Businesses are increasingly considering the use of employee-owned notebooks, and more than 40% of organisations have a policy regarding the use of employee-owned PCs, according to a survey by Gartner.

Companies in the sample expect the average number of workers using employee-owned notebooks as their primary work PC to increase from 10% in 2009 to 14% by mid-2010.
The survey took place in the second quarter of 2009 and involved 528 IT managers in organisations with more than 500 employees in the US, Germany and the United Kingdom via a combination of phone-based and web-based interviews.
During the past two years, nine out of 10 companies have addressed the issue of employee-owned devices. Nearly half (48%) prohibit their use outright; many others (43%) have specific policies that allow their use.
“While employee-owned notebook programmes started to appear a couple of years ago, the acceptance of such schemes by organisations varies greatly,” says Annette Jump, research director at Gartner. “However, in the current climate of cost containment, large businesses are exploring all possibilities offered by alternative client computing architectures and device solution, and that includes employee-owned PCs.”
The Gartner survey found that service companies, such as insurance and telecommunications companies, are more likely to allow employee-owned PCs than organisations in the manufacturing, wholesale or government sectors. There were also differences from a country point of view with 60% of the German companies in the sample currently allowing the use of employee-owned PCs versus only 30% of US and UK companies.
Across all three surveyed countries, organisations expect to see an increase in the average number of notebook users that are using employee-owned PCs in the next 12 to 18 months. US companies expect to see the biggest increases in employee-owned PCs with approximately a 60% increase. German companies expect a nearly 40% increase, while UK organisations expect only modest increases of approximately 15% in the next year.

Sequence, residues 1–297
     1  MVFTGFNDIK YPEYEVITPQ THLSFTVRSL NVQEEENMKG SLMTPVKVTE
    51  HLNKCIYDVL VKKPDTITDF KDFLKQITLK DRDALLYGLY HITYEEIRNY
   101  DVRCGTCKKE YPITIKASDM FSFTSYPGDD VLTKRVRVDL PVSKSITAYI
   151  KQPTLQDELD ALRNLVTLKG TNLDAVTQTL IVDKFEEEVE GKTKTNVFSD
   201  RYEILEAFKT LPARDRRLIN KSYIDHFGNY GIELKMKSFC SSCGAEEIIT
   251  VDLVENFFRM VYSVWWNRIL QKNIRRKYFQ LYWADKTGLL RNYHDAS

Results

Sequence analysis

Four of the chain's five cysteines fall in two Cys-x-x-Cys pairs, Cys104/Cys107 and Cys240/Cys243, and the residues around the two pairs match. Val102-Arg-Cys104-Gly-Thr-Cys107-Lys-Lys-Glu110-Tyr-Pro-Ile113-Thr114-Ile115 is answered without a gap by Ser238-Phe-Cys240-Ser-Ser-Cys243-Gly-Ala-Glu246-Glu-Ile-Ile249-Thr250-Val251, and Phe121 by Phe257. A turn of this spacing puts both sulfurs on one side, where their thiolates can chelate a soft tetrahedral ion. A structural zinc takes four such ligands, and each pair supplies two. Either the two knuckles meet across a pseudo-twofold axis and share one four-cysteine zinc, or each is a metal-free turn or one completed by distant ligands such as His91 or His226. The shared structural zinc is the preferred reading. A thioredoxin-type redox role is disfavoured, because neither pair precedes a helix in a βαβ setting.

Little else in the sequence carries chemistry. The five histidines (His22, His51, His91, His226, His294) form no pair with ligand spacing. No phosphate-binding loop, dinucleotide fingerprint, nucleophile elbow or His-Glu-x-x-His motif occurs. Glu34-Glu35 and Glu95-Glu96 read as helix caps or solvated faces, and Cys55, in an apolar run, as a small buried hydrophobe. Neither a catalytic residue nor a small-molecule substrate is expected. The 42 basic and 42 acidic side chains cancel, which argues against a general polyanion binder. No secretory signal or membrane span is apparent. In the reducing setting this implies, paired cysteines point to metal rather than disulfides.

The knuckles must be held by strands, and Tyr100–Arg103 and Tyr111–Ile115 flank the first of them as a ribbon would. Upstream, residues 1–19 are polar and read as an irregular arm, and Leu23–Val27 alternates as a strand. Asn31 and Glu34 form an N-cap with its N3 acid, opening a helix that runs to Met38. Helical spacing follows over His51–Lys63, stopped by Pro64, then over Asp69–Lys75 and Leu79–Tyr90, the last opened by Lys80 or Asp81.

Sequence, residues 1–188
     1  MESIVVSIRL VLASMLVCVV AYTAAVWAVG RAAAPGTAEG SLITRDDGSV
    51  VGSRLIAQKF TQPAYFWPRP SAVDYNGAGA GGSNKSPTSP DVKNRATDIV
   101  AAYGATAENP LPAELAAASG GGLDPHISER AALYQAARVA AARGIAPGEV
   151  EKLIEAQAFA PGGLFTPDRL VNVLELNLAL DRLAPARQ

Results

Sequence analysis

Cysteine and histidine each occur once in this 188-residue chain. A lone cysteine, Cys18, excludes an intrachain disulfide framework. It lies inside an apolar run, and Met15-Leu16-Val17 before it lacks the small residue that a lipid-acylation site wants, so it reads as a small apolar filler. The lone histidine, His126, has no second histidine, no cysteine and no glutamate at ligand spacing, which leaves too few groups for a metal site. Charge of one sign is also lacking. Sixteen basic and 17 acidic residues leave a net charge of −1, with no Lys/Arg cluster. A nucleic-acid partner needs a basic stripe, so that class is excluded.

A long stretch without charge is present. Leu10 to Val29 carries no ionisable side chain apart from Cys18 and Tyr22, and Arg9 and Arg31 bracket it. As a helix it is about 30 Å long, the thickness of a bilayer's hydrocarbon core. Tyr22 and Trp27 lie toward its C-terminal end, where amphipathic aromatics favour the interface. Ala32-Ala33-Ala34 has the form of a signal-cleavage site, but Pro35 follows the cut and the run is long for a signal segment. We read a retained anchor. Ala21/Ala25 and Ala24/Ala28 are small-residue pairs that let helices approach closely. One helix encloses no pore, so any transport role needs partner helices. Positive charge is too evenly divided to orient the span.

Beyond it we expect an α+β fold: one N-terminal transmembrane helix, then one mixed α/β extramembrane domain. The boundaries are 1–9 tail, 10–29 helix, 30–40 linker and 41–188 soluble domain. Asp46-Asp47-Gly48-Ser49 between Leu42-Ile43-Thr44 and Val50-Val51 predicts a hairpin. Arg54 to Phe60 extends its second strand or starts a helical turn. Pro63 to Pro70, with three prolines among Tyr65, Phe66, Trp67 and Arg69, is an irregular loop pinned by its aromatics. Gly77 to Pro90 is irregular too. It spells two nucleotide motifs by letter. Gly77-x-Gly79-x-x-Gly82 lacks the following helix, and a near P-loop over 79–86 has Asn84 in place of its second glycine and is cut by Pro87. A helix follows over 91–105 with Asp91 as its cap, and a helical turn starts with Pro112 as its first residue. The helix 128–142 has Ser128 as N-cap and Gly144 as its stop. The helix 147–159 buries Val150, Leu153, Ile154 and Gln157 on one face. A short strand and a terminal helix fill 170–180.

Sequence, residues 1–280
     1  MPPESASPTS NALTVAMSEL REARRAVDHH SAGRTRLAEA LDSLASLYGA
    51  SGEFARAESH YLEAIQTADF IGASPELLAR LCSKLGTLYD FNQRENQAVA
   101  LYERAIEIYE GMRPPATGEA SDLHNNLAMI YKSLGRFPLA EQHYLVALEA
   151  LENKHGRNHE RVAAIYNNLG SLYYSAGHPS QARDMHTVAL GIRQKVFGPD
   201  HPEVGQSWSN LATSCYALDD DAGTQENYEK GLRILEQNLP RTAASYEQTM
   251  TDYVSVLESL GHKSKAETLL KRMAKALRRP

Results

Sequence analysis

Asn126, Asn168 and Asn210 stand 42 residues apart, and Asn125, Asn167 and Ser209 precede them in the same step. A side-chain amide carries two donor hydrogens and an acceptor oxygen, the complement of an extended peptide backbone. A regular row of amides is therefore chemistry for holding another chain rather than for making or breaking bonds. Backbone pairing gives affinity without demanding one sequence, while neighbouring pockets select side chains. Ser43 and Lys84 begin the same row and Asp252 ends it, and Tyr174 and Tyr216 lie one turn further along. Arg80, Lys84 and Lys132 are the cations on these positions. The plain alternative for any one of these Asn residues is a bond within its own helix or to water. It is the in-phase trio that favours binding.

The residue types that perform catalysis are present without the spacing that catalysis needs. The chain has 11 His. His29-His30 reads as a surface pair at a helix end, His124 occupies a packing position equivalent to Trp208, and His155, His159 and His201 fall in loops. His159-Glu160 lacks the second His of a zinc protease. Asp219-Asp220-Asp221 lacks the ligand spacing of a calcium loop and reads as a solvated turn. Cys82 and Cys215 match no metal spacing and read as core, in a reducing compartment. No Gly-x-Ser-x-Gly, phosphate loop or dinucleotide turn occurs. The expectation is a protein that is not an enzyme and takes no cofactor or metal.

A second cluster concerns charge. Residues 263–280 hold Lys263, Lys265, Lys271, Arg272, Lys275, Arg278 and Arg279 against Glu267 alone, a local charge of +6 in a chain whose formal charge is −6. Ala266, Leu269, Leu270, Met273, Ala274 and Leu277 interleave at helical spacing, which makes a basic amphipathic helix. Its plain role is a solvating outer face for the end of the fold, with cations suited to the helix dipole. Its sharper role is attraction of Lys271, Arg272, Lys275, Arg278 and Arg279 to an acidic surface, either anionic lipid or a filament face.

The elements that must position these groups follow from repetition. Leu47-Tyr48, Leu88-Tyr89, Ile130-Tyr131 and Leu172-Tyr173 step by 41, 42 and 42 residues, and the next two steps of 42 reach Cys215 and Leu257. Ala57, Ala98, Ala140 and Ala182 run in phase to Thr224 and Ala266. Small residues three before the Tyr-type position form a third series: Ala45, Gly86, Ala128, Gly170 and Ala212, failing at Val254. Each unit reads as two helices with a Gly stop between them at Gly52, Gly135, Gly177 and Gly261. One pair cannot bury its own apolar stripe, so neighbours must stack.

“Growing numbers of employees are asking to use personally owned notebooks for work and an increasing proportion of companies will meet these requests through employee-owned notebook programmes, which define policies for usage, technical requirements and process for maintenance and support,” says Meike Escherich, principal research analyst at Gartner.
Gartner analysts says that successful employee-owned notebook programs have the potential to improve predictability and manageability of the users’ software environment. Compared with less-managed deployment scenarios, a managed virtual machine on an employee-owned notebook offers total cost of ownership (TCO) savings of between 9% and 40% when compared with company provided notebooks.
Gartner maintains that most of the cost savings with employee-owned notebooks are in indirect management costs. The direct costs of a virtual machine on an employee-owned mobile PC are actually higher than for a company-provided mobile PC, but this is more than compensated for by the greater worker satisfaction and potential increased productivity.
“PC vendors cannot afford to miss the phenomenon of employee-owned notebooks and we advise them to create employee-purchase programmes that not only include hardware devices but also services and support options for users,” Jump says. “PC vendors selling to the enterprise and midsize business segments should create PC products that combine features of business and consumer PCs.”
“Starting in 2010 in selected mature markets, PC vendors could create specific bundles, marketed through commercial retail channels, specifically for those using their own PC in the enterprise,” says Escherich. “The hardware and software combination should include virtualisation software, productivity applications and the consumer’s favourite applications.”